The live-action ambush was greatly enhanced by CG Molotov cocktail, a shattering digital windshield, a bullet hit and blood spurt and even a CG biker and motorcycle to augment a stunt performed during plate photography.

Framestore was given the task of bringing new life into the world of the film. Courtesy of Framestore CFC.

Framestore was given the task of bringing new life into the world of the film. Courtesy of Framestore CFC.

Tackling the Holy Grail of Visual Effects

While Double Negative was crafting invisible effects shots, Framestore CFC, London, was busy trying to create the most realistic CG human being ever put on screen. During the climactic scene, the pregnant woman finally delivers her baby into Theo's hands. After trying to use an animatronic newborn, Cuaron decided to call for the expertise of the company that had created the highly successful digital Hippogriff for his Harry Potter and the Prisoner of Azkaban. Creating a realistic human being has always been the holy grail of CG animation, but here, the challenge was made even more difficult by the fact that the shot was a three-and-a-half-minute long take, filmed with a hand-held camera, and lit by a hand-carried hurricane lamp.

"It was definitely one of the most demanding projects I ever worked on," vfx supervisor Tim Webber admits. "This baby was the key point of the whole plot and the emotional climax of the entire movie. We wanted to make the audience believe that the producers had actually convinced a pregnant actress to deliver her baby on screen. So, we couldn't afford to miss..." Working alongside Webber were CG supervisor Andy Kind and animation supervisor Michael Eames.

The plate was shot with Owen holding a limbless dummy to help him focus his eye line and body language. The plan was to simply cover the dummy with the CG baby. However, during post-production, Cuaron decided to make the newborn a premature. As a consequence, the dummy was now much too large and couldn't be covered by a scaled down digital baby. After tracking the plate in Matchmover and boujou, the team used Commotion to painstakingly reconstruct the missing parts of the background, as well as Owen's hands and costume, without any clean plate to work from...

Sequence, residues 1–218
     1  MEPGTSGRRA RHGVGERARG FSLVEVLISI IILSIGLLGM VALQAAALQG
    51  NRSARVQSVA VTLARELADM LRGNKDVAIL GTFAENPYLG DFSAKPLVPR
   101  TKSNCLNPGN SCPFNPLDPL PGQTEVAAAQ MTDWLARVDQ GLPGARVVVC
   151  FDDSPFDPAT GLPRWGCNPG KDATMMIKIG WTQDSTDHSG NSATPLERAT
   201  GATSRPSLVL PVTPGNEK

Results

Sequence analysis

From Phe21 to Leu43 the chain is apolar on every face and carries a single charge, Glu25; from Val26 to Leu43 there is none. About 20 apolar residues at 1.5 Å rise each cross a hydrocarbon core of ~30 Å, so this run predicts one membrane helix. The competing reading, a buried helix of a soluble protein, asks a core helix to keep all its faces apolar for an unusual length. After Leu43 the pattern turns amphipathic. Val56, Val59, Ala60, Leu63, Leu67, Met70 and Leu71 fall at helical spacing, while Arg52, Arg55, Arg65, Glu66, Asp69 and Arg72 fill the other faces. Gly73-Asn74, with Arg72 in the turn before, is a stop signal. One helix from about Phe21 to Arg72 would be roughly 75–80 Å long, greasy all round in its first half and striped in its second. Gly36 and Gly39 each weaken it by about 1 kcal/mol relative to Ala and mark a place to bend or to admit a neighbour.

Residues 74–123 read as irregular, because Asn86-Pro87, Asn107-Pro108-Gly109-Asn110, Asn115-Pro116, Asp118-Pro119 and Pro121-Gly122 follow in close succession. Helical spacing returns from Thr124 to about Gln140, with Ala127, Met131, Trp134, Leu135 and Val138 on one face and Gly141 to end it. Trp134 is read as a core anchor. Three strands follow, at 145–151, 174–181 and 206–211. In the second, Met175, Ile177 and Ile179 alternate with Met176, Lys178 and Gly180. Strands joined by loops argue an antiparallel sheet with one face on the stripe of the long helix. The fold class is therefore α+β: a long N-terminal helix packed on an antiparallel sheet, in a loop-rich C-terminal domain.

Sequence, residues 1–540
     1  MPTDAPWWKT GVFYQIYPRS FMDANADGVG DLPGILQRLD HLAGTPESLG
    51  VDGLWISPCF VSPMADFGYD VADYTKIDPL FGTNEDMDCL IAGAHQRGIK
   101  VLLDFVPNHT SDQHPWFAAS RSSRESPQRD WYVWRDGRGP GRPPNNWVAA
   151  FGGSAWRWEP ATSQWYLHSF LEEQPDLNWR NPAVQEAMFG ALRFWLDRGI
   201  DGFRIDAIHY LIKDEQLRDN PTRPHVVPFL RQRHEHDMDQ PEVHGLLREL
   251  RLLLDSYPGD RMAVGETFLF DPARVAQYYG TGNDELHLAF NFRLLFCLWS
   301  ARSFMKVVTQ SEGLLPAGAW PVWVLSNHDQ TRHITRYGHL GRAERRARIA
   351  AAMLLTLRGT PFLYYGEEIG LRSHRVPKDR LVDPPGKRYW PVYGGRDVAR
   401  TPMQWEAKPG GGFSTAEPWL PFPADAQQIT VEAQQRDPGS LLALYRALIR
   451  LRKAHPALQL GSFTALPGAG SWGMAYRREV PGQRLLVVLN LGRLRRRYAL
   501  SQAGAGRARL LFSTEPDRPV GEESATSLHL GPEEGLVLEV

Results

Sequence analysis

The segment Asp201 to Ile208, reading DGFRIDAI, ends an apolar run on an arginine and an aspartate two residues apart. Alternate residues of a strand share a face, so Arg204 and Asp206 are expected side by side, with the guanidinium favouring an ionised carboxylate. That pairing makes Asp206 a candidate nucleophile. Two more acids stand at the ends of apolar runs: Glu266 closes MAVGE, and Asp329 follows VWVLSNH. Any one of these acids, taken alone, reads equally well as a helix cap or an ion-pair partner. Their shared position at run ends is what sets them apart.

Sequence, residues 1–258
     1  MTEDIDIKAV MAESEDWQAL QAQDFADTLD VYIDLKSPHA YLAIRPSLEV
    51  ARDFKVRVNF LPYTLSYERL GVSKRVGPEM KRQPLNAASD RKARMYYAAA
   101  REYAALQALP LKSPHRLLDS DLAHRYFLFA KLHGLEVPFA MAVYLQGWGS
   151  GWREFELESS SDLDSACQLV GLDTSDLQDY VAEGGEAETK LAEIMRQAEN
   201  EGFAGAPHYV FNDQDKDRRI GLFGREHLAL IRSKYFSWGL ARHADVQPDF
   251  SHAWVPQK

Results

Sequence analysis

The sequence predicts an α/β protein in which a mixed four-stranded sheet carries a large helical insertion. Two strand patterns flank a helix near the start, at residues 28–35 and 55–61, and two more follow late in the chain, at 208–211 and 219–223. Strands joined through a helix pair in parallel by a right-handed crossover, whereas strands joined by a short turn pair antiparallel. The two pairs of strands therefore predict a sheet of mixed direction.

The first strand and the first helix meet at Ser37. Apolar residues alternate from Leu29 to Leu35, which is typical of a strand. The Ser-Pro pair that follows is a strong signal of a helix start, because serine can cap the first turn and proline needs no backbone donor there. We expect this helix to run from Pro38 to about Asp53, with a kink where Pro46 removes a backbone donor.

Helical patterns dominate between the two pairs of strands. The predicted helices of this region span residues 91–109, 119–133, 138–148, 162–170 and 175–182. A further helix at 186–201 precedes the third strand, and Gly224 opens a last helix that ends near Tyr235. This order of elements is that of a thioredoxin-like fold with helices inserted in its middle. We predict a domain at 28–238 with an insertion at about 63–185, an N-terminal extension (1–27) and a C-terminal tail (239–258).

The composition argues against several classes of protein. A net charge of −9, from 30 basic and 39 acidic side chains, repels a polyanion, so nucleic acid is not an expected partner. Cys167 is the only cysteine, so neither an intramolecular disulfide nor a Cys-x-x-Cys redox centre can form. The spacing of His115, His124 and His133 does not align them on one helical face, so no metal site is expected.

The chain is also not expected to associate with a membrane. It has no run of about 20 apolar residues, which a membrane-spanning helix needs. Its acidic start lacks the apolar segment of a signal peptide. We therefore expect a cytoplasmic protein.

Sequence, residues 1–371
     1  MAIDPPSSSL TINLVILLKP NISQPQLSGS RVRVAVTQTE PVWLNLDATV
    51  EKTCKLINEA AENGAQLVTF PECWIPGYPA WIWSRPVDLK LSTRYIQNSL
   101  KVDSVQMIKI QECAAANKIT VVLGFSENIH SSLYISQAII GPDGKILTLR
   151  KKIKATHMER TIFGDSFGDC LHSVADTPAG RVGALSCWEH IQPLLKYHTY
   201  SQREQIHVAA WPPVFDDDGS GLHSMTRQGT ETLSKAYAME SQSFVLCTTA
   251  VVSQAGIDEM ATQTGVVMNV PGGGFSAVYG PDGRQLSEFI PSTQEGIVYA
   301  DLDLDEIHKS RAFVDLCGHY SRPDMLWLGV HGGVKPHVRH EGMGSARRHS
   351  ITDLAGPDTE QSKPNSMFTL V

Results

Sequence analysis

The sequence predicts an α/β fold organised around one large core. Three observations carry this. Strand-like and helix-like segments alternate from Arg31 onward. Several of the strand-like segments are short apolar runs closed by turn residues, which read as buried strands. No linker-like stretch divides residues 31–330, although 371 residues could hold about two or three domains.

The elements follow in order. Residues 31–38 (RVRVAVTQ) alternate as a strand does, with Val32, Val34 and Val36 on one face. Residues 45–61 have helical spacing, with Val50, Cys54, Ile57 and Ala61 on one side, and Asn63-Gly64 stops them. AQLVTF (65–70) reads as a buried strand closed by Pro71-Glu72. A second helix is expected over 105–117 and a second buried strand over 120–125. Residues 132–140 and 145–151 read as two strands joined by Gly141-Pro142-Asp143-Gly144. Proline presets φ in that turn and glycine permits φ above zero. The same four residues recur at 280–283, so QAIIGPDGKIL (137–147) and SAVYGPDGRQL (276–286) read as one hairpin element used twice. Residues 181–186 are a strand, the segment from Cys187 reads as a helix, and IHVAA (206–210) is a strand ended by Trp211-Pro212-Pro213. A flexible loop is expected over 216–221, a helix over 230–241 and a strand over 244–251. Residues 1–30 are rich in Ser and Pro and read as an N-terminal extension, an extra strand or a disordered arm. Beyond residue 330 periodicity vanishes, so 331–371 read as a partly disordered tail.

As usual on any digital human being, the key to the success -- or failure -- of the CG baby would be the skin, how it moved as well as how it looked. "The baby was modeled in Maya and animated from reference footage that we found" Webber notes. "We even asked our colleagues if anyone had filmed a childbirth and would be willing to show us the footage! We wanted to have as much reference on a newborn look and body language as we could. For example, we noticed that newborns have a very floppy and wrinkly skin. It meant that we had to do a lot of additional work that we wouldn't normally do on a wrinkle system. The skin had to move in a very specific way.

"Also, we knew the sub-surface scattering would be critical. Luckily, RenderMan had just released a series of new rendering tools, including sub-surface scattering techniques that were precisely what we needed. We obviously employed global illumination techniques, but we actually lit the baby to look good. The CG lighting was not the exact reproduction of the real lighting set-up. In all honesty, I don't think we did anything groundbreaking in terms of the technology. In my opinion, it is the first totally believable CG human being, but I think this success has more to do with the enormous amount of work and care that went into the texture, the lighting, the rendering and the compositing [Shake], than to some fancy new algorithm. I'd like to say so, though!"

Alain Bielik is the founder and editor of renowned effects magazine S.F.X, published in France since 1991. He also contributes to various French publications and occasionally to Cinefex. Last year, he organized a major special effects exhibition at the Musée International de la Miniature in Lyon, France.